“AB S T R A C T I O N” is a work for solo bass clarinet in B flat (transposing score; sounds a 9th lower than written) and staging. It is intended to be a very theatrical work, and the stage directions are every bit as vital to telling the story as the pitches and rhythms are to making the music come alive. As a result, this work must be memorized, ensuring that the performer can play with freedom and extreme expression without being hindered by the complexity of the score and its notation.

This piece tells a story, but on a very small scale. The narrative is never entirely clear and directed like it might be in an opera, but rather, it seeks to represent a moment in time, expanded over the course of several minutes. Essentially, it is a piece about a character, and her moment of paranoia.

“AB S T R A C T I O N” begins with anxious pacing, with the character muttering under her breath. When she plays, she begins with a multiphonic, which expands from silence to an overbearing quintuple forte. She is frustrated by the sound, but also, her eyes move side to side, anxious and awkward, checking if anyone heard the unearthly sound. She then plays a run, as fast as humanly possible, from the extreme low register, to the screaming altissimo; she freezes, in stunned silence.

Then the piece really begins, on page two. She plays for a bit, before showing signs of frustration, going so far as to scowl and flap her elbows dramatically. Then, there are moments of surprise: it is as if she is taken aback by the sudden high interjections in her own playing. But that feeling of suspicion returns, and quickly turns into a moment of paranoia. This suspicion/paranoia motif repeats several times throughout the piece.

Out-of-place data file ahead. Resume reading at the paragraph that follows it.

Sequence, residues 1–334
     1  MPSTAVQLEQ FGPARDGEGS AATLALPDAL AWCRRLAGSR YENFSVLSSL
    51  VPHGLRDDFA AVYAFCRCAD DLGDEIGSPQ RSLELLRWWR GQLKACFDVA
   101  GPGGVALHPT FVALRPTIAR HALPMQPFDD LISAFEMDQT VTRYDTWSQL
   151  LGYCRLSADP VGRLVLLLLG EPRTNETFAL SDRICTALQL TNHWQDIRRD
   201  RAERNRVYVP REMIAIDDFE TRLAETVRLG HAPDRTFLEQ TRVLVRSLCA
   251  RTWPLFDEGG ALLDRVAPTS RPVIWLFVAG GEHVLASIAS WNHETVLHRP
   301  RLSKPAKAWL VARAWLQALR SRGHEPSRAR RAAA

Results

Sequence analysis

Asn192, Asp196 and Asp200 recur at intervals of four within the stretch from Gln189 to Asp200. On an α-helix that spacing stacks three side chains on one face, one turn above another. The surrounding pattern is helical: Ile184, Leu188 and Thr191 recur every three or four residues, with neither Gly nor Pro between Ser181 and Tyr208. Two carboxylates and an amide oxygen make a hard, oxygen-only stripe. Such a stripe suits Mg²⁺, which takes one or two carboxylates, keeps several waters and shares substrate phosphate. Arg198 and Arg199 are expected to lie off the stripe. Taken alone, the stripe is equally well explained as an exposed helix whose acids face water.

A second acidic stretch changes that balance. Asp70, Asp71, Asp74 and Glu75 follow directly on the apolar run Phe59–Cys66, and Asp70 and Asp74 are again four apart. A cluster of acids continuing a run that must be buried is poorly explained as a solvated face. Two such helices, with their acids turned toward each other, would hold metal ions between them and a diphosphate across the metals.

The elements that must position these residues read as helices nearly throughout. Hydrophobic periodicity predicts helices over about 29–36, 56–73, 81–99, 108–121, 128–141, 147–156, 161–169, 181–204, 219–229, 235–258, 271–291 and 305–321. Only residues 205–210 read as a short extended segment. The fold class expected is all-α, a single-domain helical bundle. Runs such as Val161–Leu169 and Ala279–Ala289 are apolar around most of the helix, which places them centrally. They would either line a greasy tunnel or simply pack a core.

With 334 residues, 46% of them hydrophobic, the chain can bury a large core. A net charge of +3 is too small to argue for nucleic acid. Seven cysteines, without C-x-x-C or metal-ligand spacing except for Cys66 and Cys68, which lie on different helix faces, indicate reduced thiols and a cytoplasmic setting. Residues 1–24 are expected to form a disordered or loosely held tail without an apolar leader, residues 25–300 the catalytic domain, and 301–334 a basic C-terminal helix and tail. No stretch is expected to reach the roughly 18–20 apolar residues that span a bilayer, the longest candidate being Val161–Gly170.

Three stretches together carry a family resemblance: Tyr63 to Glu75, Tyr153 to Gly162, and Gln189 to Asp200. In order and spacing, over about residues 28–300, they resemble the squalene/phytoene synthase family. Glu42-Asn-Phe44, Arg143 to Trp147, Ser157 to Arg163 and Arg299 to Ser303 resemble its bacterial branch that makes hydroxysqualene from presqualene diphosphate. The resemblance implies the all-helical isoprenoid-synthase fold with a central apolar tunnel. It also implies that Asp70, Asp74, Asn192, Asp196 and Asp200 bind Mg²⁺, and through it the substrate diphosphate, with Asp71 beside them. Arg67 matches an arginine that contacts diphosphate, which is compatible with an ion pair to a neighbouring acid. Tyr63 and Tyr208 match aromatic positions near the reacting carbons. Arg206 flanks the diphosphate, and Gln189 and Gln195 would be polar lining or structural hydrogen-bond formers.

There are moments of playfulness in the third page, with the high interjection returning, punctuated by moments of seriousness in a series of low gestures. She turns to face stage right: this is done out of frustration, as though the act of playing is boring or inane. When she rotates to stage left, it is done languorously. The multiphonic returns, as she is resigned for a moment, before oscillating side to side out of frustration, conveying feelings of fidgetiness. But then there is a sudden awareness that someone may be listening. The suspicion/paranoia transition motif returns.

New material enters on page four, but our character is stuck in her paranoia, eyes wide, until a sudden jump down to the lowest register, where she tries to block out the world. However, the paranoia slowly returns. There is a sudden release, as she decides to carry on playing, but this respite is temporary. As the new material expands, her ability to focus amidst the frustration and paranoia is challenged, and she turns various directions, begrudgingly returning to face forward, and returning her focus to the task at hand.

The suspicion/paranoia motif returns as her fear of being watched returns. It is repeated several times, eventually leading to the most extreme paranoia she has yet felt, accompanied by a repeated note, very high in the stratosphere. She breaks, at this moment, and has a freak out, playing random notes, with very screechy timbres, accelerating to a quintuple forte. During this freak out, her eyes move erratically and wildly in extremes, conveying her insanity she experiences as a result of feeling watched.

Suddenly, this moment cuts out, and after a long pause, eyes wide open, one of the opening motifs returns, contracting as time goes on. She tries to shake off the paranoia, even going so far as to roll her eyes dramatically. But then there’s a scowl, and, in a final gesture, on the bass clarinet’s lowest note, she experiences a moment of anger, that transforms first into being furious, and then into anguish. In the last moment of silence, she makes a face, completely deranged with eyes wide and crazy. We are left to question if the paranoia has won her over.